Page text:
I slunk into my social studies classroom with my head down. Graded homework assignments sat on the corner of my teacher's desk. As my fellow seventh grade students chatted before class began, I casually slid my late homework into the middle of the pile. When our teacher later distributed the papers, he would see mine was not graded, assume he'd missed it, and I'd be off scot-free. Indeed, my ploy worked like a charm.
Decades later I still reflect on that episode with a twinge of guilt. Understanding the reasons behind our dishonest behavior and how to curb our nature are the subject of microbiologists Ferric C. Fang and Arturo Casadevall's cover story, “Why We Cheat,” on page 30. One impetus they identified is fear—specifically, a dread of failure.
Extreme fear can override other moral intuitions, too. In a war zone, for example, a soldier's intense emotions may trigger a so-called predator mode. A combatant in this state of mind is less likely to view bloodshed as reprehensible or to experience psychological trauma as a result of battle. On page 46, “An Appetite for Aggression” describes some surprising findings—and their implications.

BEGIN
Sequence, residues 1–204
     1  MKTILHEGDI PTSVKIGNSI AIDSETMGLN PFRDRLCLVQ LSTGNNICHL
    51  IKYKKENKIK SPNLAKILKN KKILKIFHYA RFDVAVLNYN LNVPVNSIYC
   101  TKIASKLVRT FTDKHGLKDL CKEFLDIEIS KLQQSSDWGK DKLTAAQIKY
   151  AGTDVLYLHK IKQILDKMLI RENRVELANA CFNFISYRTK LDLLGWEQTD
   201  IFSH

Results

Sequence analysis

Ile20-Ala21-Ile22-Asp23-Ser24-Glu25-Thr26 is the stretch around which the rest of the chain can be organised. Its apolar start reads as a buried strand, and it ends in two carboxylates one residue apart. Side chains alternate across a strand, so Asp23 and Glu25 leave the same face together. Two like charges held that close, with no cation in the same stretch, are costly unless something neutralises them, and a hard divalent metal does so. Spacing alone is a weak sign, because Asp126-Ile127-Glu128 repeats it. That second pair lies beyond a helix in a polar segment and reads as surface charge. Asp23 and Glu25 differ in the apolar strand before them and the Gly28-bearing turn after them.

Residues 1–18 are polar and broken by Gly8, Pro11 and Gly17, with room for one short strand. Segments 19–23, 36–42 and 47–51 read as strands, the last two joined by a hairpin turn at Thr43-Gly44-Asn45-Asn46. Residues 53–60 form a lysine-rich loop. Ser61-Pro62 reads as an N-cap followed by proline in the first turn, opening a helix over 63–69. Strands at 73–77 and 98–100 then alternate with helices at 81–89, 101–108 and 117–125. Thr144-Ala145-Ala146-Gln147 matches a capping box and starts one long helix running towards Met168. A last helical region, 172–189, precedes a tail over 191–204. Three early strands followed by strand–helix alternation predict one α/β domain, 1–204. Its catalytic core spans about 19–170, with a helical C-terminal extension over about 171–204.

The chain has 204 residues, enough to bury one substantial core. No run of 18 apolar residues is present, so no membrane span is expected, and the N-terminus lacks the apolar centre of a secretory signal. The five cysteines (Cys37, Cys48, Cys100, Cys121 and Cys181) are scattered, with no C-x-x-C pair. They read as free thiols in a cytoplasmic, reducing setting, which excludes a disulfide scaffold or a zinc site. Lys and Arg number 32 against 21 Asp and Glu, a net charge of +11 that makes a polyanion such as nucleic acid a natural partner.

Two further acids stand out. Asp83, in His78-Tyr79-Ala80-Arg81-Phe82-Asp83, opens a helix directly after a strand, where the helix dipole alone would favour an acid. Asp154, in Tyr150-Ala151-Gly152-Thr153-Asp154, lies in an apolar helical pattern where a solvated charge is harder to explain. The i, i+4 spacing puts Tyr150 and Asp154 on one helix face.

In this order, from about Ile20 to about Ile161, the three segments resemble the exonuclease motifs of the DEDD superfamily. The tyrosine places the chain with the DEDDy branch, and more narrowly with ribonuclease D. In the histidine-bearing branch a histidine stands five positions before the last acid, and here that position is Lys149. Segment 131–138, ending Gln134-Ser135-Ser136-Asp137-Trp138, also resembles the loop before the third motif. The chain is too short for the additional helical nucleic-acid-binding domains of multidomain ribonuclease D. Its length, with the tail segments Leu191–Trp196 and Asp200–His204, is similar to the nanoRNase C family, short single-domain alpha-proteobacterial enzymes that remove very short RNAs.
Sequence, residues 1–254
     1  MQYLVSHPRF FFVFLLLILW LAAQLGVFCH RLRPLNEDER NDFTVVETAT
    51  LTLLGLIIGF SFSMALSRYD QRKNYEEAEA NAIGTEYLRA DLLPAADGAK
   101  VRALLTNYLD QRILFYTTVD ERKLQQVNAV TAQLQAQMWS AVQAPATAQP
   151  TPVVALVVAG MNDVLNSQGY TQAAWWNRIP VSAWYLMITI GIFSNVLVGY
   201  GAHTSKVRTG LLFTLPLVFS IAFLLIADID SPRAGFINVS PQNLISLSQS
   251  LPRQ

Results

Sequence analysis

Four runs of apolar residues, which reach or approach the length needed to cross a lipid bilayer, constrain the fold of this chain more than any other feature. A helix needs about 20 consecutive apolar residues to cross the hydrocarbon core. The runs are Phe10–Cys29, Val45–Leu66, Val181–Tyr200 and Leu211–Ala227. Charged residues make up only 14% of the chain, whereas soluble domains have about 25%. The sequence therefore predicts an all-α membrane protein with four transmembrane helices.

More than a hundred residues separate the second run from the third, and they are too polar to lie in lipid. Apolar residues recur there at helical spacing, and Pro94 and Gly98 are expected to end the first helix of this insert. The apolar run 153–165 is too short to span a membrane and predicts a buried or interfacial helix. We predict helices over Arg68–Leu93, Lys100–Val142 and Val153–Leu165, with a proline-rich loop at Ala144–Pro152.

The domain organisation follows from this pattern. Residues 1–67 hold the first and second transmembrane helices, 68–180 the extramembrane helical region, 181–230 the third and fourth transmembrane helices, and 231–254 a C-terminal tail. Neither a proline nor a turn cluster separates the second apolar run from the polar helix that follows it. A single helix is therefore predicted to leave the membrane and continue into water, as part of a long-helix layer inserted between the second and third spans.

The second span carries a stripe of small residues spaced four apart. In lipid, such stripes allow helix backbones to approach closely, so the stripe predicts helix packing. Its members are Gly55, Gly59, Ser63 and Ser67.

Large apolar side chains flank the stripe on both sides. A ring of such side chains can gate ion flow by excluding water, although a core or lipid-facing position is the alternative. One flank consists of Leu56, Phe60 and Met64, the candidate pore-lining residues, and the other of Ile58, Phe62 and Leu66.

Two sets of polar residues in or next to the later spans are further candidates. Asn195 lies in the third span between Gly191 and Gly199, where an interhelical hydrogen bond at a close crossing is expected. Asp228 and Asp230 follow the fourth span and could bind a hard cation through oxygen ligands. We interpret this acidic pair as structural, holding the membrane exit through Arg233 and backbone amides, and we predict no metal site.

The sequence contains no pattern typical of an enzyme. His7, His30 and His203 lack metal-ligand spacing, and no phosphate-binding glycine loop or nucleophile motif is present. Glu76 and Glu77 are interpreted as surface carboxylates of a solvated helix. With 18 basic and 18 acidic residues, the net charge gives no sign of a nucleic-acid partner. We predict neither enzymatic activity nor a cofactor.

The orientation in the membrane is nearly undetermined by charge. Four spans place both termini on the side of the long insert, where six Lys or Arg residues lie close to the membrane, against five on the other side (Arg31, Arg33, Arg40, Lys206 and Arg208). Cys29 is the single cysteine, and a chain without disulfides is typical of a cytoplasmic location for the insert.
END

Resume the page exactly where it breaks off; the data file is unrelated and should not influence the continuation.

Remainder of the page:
As scientists plumb our dark side, they are also discovering ways to shore up our cognitive weaknesses. Research on ADHD has led to computer games aimed at strengthening working memory, a skill that undergirds intelligence. See “Calisthenics for a Child's Mind,” by Mind editor Ingrid Wickelgren, on page 38.
We may also one day find ourselves buttressing our brain with therapies derived from two substances best known as illegal party drugs, psilocybin mushrooms and ketamine. In this issue's two-part special report, starting on page 58, we explore these drugs' unique effects on depression, addiction and other disorders.
Scientific American Mind has been growing and improving as well. Last month we launched a new home page—mind.scientificamerican.com—and unveiled a blog network. In print and online, we seek to bring you insights into the rich mental tapestry that makes up our inner world.